GWEN IFILL: I was struck by the Ukrainian soldier you spoke to in your piece who said that he makes a distinction between the Russian military and the Russian people. It sounds like there are a lot of divided loyalties.
LINDSEY HILSUM: Well, I think there are because you have to remember that Ukraine and Russia were both part of the Soviet Union until 1991.
And there are a lot of ties here, links which go back many, many years. And, also, World War II, I mean, we may think that it's many decades ago, but, for here, it is very real. Where I'm standing now, just north of Slavyansk, was a major battlefield during World War II. Many people fighting for the Soviet army were killed here.
So all those memories are there, and those memories are shared between Ukraine and Russia. But in the west of the country, people identify far more with Europe and with Poland. So there's a lot of division within Ukraine. But I think that, for the Ukrainian soldiers, this is really a terrible thing. I mean, what they believe they're here to do is, like any army, protect the people of their country. To them, that means Ukrainians.
But what they're finding as they come into this area is that many Ukrainian citizens no longer feel that loyalty to Kiev, are looking towards Moscow. So they are being forced into conflict with their own citizens, and that's an extremely difficult thing.
GWEN IFILL: You mentioned earlier that we are in the middle of a propaganda war, but to what degree does it feel that we may be on the brink of a civil war as well?
LINDSEY HILSUM: The two things are linked, because one of the great dangers here is that rumor or misinformation can trigger events.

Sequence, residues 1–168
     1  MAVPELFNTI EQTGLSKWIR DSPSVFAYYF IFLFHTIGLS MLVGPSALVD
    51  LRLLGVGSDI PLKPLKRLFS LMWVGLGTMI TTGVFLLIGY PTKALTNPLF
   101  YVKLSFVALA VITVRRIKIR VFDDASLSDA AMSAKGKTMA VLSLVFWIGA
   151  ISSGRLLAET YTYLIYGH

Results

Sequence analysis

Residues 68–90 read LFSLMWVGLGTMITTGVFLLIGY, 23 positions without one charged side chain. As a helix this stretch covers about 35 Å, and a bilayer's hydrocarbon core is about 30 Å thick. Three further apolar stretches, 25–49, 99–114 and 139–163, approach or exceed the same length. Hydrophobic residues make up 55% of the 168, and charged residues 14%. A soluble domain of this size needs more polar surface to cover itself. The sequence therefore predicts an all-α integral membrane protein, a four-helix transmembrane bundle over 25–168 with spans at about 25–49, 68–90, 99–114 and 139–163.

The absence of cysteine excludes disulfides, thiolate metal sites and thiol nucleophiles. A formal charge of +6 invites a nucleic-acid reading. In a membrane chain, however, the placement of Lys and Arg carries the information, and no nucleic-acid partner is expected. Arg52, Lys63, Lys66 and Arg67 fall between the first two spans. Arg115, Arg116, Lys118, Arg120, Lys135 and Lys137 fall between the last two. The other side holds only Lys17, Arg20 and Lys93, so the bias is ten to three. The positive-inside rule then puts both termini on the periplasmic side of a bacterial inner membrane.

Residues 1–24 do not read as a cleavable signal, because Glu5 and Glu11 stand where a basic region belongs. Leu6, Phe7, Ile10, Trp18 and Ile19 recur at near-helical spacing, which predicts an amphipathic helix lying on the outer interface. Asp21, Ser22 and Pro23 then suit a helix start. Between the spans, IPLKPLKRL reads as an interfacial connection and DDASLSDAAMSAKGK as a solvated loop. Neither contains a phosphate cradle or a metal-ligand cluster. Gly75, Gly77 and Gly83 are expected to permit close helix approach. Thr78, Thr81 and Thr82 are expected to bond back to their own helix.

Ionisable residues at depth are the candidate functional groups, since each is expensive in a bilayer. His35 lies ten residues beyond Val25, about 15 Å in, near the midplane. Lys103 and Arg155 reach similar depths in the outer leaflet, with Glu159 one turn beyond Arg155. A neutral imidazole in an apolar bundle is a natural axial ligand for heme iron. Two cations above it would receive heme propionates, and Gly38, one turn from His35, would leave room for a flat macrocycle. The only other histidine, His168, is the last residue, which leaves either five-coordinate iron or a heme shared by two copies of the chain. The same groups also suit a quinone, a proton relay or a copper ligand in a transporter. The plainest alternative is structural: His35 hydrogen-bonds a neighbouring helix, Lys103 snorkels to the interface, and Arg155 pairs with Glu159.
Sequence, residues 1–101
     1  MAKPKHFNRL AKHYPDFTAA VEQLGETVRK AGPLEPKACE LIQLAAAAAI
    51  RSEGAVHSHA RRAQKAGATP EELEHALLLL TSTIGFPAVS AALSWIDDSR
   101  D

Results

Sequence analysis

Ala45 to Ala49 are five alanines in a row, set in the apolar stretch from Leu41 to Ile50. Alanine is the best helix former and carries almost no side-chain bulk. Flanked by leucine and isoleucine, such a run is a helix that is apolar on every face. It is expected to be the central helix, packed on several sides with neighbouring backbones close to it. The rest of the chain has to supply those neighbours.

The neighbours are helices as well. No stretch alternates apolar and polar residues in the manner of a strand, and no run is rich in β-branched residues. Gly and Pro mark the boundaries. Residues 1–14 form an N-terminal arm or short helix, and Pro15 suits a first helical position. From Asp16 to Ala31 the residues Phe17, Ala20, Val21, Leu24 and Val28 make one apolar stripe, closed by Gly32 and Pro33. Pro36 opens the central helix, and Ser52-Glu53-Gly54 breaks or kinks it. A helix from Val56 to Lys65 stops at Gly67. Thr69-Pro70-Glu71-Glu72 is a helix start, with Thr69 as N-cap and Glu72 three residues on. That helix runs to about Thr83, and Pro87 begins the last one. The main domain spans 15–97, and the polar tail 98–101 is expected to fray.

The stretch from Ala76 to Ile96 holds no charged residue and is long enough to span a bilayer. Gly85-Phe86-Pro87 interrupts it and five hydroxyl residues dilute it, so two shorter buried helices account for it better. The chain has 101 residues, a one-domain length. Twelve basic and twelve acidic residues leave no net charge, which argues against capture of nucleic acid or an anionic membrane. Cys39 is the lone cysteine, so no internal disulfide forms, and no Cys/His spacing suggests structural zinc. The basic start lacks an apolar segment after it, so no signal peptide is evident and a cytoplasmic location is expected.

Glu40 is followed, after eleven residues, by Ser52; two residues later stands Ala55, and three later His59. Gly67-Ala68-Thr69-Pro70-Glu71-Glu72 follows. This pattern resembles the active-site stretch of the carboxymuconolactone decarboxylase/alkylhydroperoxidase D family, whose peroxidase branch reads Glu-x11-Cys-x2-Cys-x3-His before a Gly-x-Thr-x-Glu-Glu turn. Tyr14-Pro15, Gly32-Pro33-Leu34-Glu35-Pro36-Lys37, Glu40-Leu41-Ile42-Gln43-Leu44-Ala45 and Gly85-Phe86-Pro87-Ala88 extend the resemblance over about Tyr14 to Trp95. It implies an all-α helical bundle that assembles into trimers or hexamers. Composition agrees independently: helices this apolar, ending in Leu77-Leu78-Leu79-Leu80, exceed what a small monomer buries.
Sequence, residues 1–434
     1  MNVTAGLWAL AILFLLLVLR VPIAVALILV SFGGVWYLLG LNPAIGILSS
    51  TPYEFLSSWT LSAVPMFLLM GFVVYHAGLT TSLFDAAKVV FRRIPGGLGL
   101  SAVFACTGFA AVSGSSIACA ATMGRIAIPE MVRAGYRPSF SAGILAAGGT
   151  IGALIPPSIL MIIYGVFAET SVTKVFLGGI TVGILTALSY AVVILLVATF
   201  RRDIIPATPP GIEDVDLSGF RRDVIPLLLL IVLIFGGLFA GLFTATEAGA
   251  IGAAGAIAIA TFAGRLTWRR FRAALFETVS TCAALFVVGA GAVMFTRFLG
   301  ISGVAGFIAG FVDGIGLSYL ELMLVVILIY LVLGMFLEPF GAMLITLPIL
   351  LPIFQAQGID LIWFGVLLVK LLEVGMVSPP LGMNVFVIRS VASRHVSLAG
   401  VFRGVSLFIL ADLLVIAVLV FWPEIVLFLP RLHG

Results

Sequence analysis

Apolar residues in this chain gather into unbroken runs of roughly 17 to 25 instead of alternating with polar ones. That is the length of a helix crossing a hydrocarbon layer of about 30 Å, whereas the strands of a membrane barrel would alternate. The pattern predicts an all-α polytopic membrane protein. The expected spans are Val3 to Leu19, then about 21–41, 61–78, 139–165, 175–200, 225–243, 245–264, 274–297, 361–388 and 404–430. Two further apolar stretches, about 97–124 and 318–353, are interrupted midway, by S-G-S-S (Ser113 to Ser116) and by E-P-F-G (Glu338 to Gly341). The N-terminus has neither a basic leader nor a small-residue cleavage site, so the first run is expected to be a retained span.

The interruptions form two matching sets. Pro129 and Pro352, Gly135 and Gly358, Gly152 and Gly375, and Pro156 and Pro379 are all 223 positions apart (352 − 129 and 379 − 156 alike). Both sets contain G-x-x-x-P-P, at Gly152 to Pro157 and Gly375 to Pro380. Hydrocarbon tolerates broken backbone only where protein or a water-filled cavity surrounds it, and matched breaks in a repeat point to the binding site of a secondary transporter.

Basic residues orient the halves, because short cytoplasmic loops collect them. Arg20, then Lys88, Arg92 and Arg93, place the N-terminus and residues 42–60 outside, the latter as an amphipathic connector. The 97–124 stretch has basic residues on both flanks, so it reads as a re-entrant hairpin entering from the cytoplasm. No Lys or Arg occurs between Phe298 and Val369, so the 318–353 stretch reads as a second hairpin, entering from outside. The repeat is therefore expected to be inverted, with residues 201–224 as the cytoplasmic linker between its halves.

People hear of something happening, and then they react. And that — wars have been started like that before, by misinformation, sometimes deliberate, sometimes accidental. So there certainly is a sense of this area, this country being on the brink of civil war. But, of course, it's important to say that it is not too late. There are supposed to be talks on Thursday which would involve the Russian government, the Ukrainian government, the European Union, and I think the Americans as well.
And I think a lot does depend on President Putin. There's no question that he has been pushing the situation here. I don't think we can say for sure that there are Russian troops here, but I think that we can say for sure that the Russians have been orchestrating this. They have made sure this happens, because they don't want the government in Kiev to have legitimacy and for those elections to be able to go ahead in May with no problem.
They seized Crimea. Crimea was part of Ukraine. It's now annexed to Russia. That happened in February. So I think that they are showing what they can do here. What may be called for now is diplomacy and dialogue, because I think everybody knows now just how dangerous this situation is, and now is the most dangerous moment.
GWEN IFILL: ITN's Lindsey Hilsum on the ground in Izium, Ukraine, thank you so much.
LINDSEY HILSUM: You're welcome, Gwen.